I am reclaiming blue.  And it does feel good to write with that wonderful pen again.

To Whom Much is Given

Mom, Bird, and I said grace before our meal in the food court at the mall last night.  No one shouted at us, threatened us, or asked us to leave.

We were at the mall to shop for dresses for a friend’s wedding later this summer.  Bird and I have never had to worry about whether or not our eventual marriages will be legally recognized in our home state.

I’ve been fortunate enough to live most of my life in a relatively tolerant community in one of the country’s most tolerant states.  I’ve been even more fortunate not to need this tolerance for my own sake, because I was born a white, middle-class, heterosexual female who identified as her biological gender.  I fell into pretty much every category of “majority” you can think of.  Admittedly, I didn’t realize just how blessed I was until I started college and the bubble of my existence dramatically widened (with the help of the internet, particularly Tumblr).

When the Supreme Court made its decision on marriage equality, I was overjoyed for my friends who could now plan the weddings of their dreams.  When I heard about the Charleston shooting, I mourned the victims – and got angry about the ignorance displayed by those who tried to dismiss the racist implications of the massacre.  I was still seeing these things from the outside, and I was not directly affected, but that does not excuse me from working to change things for the better.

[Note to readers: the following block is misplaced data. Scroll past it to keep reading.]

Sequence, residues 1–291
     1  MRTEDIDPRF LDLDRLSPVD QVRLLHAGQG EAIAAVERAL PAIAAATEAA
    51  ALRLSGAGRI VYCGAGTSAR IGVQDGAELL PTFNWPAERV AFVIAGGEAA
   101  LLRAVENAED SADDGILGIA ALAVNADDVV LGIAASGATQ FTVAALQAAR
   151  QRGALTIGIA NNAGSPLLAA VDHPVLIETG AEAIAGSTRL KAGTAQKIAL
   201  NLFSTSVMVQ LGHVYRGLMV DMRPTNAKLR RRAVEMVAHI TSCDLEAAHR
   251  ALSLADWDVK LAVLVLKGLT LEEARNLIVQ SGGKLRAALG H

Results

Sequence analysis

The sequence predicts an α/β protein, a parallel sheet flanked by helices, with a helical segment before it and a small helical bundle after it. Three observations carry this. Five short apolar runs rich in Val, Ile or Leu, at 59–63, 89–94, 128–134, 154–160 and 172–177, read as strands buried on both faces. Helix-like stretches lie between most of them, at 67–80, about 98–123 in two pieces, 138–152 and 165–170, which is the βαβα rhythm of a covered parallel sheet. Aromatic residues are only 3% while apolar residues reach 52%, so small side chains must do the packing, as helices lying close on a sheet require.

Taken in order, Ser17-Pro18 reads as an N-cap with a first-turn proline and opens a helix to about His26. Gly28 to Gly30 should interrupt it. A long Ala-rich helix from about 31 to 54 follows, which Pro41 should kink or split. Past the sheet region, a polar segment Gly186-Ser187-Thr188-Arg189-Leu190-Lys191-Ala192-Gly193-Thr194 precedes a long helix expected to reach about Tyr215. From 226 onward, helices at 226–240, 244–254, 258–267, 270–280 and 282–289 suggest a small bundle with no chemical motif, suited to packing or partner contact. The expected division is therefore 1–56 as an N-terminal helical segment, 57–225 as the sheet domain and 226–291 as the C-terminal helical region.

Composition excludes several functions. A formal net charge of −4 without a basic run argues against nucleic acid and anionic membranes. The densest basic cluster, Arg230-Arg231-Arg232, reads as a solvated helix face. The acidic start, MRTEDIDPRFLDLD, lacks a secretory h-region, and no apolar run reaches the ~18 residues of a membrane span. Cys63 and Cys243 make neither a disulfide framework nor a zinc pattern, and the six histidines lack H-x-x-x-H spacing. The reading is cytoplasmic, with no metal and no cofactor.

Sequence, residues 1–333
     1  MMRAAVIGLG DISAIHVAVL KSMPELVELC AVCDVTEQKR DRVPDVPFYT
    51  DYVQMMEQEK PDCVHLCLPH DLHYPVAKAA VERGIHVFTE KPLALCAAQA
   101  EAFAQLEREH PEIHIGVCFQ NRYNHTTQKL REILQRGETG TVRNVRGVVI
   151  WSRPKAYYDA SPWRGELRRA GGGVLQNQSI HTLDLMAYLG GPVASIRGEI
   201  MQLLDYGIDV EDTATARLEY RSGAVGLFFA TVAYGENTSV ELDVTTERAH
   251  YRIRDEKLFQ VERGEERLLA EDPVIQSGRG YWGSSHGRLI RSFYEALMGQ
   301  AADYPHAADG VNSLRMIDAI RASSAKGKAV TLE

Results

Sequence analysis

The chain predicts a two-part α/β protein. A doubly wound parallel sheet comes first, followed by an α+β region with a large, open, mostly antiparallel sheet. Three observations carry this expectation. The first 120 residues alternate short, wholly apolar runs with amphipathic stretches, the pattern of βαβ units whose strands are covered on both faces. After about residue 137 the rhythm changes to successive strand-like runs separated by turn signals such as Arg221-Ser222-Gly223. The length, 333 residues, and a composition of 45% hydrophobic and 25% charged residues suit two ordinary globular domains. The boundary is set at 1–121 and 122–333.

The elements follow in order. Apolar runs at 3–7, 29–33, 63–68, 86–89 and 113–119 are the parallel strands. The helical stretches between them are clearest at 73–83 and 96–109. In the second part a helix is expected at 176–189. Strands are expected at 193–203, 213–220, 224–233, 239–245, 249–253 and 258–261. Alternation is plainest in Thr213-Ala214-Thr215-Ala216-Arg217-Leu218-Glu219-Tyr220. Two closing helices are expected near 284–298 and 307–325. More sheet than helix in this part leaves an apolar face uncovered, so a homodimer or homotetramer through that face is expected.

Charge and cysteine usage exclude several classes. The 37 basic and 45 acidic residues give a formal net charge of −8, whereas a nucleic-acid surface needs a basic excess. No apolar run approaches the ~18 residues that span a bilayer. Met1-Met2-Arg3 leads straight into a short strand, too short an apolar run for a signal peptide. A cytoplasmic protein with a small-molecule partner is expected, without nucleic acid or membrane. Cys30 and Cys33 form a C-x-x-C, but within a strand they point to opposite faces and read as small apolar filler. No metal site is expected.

I’m still learning, still developing my worldview (and I pray it won’t become as rigid and cemented in ignorance or partial knowledge as some of the people giving out their opinions like candy from a stranger’s van), still figuring out what I can do from here to help – or at least not make it worse.  I don’t know.  Sometimes it feels too big.

014b868afc10c6e19990969f956e90f6And I’m realizing that the best thing I can do is listen.  I don’t say this as if I can somehow validate others’ experiences simply because I, a privileged person, take the time to listen to them, people who have been denied something (or several somethings) that I have been blessed enough to have.  Their humanity validates their experiences.  We are all people no matter how many variables we can or cannot check off on a list of too-easy identifiers.  Yes, we are different, but that does not negate the intrinsic personhood or value of those different from me.